The ability to make and fix things with your hands is becoming a lost art. Often in our modern, consumer culture people are more likely to shop for a bookshelf or call a handyman before even considering fulfilling their needs on their own.
Reversing this trend, the Do-It-Yourself movement (thanks in no small part to a rise in crafty media havens like Etsy, Pinterest, and HGTV) is empowering people to tackle home needs on their own. Not only can you save money by embracing a DIY mentality, there are numerous other tangible benefits as well, like the potential to learn new skills, and setting a positive example for your kids.
Next time you are looking to freshen up a room or need to fix a broken cabinet, why not turn the experience into an opportunity to bond with a young person in your life over a little DIY?
I have been teaching public school children for a decade. From first grade to eighth grade and all the grades in between, I have seen, first hand, students soar above their perceived potential. At the same time, I have seen others struggle to reach it.
I have heard all the rationales from socio-economic disparity to learning styles, from Maslow’s Hierarchy of Needs to a lack of interest-based learning, from ineffective schools and ill-trained educators to the lack of necessary educational resources. I will not disparage those factors as they do play a role in the social and academic growth of all children, however, I refuse to believe that they cannot be overcome.
In my career I have met with hundreds of families to discuss the successes and shortcomings of each their children’s academic efforts. By the very nature of the educational process, each child and each family presents the educator with a unique set of challenges and needs that must be accounted for. That being said, it is a flawed mentality (be it explicit or implicit) that the responsibility lies solely with the classroom educators to meet these academic needs.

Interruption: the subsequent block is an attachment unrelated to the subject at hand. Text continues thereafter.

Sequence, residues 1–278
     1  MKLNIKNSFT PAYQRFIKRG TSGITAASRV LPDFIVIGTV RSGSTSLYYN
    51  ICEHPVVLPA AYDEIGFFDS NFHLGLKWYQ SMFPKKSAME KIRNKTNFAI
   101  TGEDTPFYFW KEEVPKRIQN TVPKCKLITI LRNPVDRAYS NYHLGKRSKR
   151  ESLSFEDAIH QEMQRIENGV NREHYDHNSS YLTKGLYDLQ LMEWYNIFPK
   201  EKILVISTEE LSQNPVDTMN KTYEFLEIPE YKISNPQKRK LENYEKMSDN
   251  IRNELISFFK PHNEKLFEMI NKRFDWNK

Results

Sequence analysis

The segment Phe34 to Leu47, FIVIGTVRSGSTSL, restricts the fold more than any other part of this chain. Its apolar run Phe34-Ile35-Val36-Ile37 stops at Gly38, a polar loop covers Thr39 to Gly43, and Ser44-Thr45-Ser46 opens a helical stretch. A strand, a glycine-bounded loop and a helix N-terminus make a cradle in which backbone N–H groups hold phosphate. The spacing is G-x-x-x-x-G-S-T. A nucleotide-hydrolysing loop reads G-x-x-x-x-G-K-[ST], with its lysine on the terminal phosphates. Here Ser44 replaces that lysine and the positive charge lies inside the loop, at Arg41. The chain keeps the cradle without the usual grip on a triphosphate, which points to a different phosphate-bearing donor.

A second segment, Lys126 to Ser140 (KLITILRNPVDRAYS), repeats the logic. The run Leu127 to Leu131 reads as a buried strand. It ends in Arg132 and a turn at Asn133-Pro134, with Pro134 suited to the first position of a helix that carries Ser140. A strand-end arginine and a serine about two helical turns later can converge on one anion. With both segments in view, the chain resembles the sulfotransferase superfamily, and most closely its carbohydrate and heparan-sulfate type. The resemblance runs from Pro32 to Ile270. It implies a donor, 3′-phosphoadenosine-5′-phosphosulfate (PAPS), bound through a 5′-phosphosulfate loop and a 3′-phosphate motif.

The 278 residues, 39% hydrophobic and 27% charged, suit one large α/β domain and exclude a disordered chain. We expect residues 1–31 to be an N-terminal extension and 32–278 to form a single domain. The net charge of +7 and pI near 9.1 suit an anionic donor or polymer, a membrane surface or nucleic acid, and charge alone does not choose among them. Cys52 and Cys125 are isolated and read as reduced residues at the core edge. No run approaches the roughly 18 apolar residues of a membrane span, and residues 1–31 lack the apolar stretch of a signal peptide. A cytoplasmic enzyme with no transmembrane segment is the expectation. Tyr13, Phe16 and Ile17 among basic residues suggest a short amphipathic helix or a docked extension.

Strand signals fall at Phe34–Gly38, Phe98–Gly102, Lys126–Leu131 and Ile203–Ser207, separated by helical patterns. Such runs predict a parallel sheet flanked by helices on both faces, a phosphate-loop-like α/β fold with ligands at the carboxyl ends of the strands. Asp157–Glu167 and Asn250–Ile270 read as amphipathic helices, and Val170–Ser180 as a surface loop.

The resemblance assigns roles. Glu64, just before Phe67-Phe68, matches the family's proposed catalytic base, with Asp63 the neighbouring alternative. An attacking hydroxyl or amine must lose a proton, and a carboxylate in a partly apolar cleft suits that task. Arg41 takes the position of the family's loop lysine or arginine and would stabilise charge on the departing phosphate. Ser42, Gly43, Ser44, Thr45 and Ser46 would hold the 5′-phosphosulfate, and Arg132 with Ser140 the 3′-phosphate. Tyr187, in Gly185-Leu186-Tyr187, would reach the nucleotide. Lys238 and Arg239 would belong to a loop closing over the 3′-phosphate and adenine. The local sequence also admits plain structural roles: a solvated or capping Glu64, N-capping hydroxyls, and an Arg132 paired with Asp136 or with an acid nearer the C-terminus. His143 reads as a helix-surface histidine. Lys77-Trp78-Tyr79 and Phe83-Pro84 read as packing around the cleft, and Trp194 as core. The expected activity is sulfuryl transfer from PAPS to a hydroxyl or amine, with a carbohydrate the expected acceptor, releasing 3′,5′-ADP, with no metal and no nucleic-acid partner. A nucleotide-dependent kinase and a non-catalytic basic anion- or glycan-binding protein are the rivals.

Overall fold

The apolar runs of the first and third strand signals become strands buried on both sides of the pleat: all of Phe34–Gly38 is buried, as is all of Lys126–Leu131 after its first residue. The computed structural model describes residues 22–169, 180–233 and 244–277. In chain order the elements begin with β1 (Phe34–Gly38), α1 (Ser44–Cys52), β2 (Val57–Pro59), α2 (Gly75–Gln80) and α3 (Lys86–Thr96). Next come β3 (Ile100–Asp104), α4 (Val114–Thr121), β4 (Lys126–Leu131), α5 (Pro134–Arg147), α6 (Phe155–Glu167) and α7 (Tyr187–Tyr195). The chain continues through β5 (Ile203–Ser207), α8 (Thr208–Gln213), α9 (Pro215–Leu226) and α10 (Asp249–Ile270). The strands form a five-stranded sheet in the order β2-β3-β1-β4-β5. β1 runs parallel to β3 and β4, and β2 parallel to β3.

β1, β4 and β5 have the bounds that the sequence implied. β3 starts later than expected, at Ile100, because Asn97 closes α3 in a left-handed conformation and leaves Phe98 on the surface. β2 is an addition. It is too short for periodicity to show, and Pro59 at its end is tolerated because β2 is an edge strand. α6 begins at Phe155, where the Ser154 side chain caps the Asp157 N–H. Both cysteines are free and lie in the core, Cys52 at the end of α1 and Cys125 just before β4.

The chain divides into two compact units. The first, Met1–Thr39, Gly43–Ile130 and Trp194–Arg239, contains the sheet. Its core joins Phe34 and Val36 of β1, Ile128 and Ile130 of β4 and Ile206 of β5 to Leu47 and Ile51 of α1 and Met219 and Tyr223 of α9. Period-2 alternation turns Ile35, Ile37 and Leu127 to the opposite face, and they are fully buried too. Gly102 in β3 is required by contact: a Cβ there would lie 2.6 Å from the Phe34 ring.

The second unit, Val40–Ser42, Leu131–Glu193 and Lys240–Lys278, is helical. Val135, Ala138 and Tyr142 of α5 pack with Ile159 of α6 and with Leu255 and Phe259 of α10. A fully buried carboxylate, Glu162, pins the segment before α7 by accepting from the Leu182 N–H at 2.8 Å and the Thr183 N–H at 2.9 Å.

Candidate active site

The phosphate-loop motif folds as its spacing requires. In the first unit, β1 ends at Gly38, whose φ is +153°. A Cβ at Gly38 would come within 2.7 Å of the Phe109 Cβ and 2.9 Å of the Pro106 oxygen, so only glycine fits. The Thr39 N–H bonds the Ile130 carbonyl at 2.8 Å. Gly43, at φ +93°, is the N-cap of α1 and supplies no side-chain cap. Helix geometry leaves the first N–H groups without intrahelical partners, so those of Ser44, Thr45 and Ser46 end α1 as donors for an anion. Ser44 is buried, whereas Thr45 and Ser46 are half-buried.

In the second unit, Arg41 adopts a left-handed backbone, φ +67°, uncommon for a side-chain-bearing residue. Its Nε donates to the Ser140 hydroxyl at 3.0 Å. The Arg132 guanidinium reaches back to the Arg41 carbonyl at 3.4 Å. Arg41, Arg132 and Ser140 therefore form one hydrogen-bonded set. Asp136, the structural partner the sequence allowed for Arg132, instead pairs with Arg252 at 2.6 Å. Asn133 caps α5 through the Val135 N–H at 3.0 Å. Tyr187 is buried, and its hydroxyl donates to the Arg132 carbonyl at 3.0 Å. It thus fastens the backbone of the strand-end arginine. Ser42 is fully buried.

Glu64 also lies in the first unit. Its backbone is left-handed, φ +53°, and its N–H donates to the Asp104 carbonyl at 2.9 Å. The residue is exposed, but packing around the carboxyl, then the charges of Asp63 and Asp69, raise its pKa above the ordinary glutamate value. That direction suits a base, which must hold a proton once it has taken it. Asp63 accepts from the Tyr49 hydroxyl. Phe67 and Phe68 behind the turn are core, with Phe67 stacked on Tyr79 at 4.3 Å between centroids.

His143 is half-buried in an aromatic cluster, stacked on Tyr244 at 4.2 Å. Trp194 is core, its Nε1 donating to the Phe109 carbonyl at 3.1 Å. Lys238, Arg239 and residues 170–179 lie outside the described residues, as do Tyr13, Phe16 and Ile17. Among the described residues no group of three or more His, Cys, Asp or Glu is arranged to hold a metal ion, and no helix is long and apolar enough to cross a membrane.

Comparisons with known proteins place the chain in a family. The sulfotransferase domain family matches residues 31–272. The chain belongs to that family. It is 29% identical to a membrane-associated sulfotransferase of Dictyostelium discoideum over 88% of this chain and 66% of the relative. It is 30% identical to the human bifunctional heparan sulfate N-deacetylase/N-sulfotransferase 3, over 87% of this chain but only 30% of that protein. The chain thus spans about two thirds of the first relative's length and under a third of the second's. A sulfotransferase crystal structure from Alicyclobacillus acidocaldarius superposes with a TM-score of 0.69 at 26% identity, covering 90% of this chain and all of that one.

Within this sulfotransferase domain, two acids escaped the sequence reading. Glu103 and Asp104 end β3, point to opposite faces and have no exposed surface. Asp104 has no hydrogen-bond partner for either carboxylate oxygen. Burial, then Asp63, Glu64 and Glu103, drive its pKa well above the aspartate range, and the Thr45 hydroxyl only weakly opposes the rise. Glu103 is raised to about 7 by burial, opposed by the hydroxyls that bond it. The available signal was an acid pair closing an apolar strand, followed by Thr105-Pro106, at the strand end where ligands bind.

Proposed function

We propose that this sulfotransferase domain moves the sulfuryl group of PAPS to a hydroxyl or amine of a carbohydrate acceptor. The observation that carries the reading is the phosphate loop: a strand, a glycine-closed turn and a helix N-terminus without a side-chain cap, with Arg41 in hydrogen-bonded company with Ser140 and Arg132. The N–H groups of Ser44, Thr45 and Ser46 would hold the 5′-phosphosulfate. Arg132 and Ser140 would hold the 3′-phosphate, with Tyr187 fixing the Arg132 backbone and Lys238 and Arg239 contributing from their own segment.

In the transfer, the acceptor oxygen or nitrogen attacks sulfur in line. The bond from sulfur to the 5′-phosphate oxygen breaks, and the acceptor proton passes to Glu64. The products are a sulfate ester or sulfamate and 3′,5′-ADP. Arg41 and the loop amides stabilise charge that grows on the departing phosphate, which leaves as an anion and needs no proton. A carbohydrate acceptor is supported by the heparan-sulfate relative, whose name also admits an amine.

Looking back over my ten years in the classroom, I can categorically say that there is, in fact, one panacea that has continually produced students that excel both academically and socially. Regardless of financial status, racial background, familial makeup, or special needs, there exists a common experience that has been present in the majority of my most successful students. It is simple and timeless, and any parent has the power to do it. Nevertheless, it stands as the four words I find myself wanting to yell from the mountaintops each year as a fresh crop of families enter into my classroom:
Read with your kids!
From the outset of my teaching career, integrating technology into my lessons has remained a constant priority. Whether it was piloting SmartBoards in a district elementary school, using iPads to digitize workflows, or making the switch to Chromebooks, technology has been at the forefront of how I prepare and deliver content to students. Lately, however, I have seen value in a switch back to a more analog-focused learning environment.